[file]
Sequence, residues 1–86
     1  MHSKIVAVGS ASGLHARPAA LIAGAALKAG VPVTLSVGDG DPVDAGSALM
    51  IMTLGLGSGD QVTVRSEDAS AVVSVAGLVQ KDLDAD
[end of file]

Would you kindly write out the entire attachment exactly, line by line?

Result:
Sequence, residues 1–86
     1  MHSKIVAVGS ASGLHARPAA LIAGAALKAG VPVTLSVGDG DPVDAGSALM
    51  IMTLGLGSGD QVTVRSEDAS AVVSVAGLVQ KDLDAD